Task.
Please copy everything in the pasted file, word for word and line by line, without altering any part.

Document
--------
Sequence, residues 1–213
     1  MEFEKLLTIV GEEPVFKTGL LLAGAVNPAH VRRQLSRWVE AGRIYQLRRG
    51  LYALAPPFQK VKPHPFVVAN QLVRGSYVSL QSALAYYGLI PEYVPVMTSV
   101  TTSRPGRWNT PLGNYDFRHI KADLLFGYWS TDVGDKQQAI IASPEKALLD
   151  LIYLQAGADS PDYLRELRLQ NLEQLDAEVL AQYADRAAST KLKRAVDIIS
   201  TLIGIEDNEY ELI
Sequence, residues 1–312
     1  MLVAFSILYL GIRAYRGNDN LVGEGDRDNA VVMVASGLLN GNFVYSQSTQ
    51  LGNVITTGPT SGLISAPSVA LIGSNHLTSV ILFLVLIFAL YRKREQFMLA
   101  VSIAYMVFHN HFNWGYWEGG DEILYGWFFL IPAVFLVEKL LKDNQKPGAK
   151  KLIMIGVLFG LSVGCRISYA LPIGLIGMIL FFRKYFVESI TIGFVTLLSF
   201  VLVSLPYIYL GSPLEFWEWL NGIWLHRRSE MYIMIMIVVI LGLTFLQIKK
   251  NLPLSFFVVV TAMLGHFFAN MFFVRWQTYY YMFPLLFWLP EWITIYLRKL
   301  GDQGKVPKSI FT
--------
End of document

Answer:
Sequence, residues 1–213
     1  MEFEKLLTIV GEEPVFKTGL LLAGAVNPAH VRRQLSRWVE AGRIYQLRRG
    51  LYALAPPFQK VKPHPFVVAN QLVRGSYVSL QSALAYYGLI PEYVPVMTSV
   101  TTSRPGRWNT PLGNYDFRHI KADLLFGYWS TDVGDKQQAI IASPEKALLD
   151  LIYLQAGADS PDYLRELRLQ NLEQLDAEVL AQYADRAAST KLKRAVDIIS
   201  TLIGIEDNEY ELI
Sequence, residues 1–312
     1  MLVAFSILYL GIRAYRGNDN LVGEGDRDNA VVMVASGLLN GNFVYSQSTQ
    51  LGNVITTGPT SGLISAPSVA LIGSNHLTSV ILFLVLIFAL YRKREQFMLA
   101  VSIAYMVFHN HFNWGYWEGG DEILYGWFFL IPAVFLVEKL LKDNQKPGAK
   151  KLIMIGVLFG LSVGCRISYA LPIGLIGMIL FFRKYFVESI TIGFVTLLSF
   201  VLVSLPYIYL GSPLEFWEWL NGIWLHRRSE MYIMIMIVVI LGLTFLQIKK
   251  NLPLSFFVVV TAMLGHFFAN MFFVRWQTYY YMFPLLFWLP EWITIYLRKL
   301  GDQGKVPKSI FT